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The Cádiz Memorial, also known as the “Prince Regent’s Bomb”, is an early 19th-century French mortar mounted on a brass monster, located in Horse Guards Parade in Westminster, London. The statue was unveiled for public viewing in 1816.
The monument was a feature of many satirical verses and cartoons in the early 19th century, mainly because the word “bomb” – pronounced “bum” – gave it an immediate association with the notoriously profligate Prince Regent’s sizeable backside.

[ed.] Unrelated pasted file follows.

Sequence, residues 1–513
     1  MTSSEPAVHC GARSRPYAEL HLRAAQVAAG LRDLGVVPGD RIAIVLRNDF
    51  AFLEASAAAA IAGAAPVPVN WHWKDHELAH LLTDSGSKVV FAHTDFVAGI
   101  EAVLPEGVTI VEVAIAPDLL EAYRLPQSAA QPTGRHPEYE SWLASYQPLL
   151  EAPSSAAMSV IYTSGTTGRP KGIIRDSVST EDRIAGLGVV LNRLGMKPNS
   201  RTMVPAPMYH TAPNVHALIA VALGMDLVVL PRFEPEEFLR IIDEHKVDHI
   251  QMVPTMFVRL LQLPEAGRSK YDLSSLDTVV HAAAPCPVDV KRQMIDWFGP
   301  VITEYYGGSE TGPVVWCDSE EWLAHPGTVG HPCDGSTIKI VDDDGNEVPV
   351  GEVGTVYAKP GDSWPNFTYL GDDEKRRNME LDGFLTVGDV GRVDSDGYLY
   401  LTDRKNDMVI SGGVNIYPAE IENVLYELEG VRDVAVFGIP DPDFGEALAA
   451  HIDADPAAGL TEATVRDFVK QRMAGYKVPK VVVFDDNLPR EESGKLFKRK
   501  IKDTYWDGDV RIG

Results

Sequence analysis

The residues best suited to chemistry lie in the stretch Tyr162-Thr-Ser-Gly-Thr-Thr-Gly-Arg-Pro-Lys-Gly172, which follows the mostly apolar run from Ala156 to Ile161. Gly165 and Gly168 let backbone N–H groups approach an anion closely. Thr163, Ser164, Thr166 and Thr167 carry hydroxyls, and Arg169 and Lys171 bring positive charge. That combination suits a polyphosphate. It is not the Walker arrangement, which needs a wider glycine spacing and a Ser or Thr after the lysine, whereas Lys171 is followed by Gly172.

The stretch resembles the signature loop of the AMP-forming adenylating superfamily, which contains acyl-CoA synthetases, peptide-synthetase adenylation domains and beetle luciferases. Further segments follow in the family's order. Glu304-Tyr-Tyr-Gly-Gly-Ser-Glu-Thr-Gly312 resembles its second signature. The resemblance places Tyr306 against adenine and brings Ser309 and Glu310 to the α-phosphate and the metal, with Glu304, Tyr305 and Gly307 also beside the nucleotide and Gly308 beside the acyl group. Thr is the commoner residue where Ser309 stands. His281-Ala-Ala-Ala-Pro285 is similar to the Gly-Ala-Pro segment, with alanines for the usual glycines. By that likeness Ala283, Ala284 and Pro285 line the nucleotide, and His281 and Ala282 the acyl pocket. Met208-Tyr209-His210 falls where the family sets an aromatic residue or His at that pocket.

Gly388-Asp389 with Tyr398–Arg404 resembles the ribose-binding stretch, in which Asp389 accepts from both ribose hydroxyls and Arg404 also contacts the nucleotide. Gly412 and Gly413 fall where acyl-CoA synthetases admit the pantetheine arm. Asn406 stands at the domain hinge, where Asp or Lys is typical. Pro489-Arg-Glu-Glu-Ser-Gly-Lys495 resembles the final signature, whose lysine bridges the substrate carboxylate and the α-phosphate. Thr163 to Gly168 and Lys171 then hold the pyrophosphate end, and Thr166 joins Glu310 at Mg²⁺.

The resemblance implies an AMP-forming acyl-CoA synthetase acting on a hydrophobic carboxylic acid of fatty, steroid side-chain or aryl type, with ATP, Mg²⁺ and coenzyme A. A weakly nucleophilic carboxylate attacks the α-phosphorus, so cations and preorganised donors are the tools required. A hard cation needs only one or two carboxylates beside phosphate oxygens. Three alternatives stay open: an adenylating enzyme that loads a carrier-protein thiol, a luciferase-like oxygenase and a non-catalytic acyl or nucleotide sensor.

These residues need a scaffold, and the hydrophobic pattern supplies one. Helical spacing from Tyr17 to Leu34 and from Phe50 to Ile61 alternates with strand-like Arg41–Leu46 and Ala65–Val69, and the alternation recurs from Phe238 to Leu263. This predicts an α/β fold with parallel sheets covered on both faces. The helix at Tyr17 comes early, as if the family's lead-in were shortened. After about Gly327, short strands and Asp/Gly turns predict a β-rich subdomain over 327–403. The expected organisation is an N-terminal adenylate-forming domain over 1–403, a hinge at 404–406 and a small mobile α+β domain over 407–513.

The mortar is mounted on the back of a large brass sculpture of the monster Geryon (wrongly described as a “Chinese dragon” in some sources), associated with the Isle of Gades on which Cádiz stands, with twin tails twisting round to the vent of the mortar which it supports on its back. At the rear of the mortar is a sculpture of the dog Orthrus. The monster and mortar rest on a bed of brass, representing a rock on which the monster has alighted. The whole structure measures 9 feet 10 inches (3.00 m) high and weights 16 tons.
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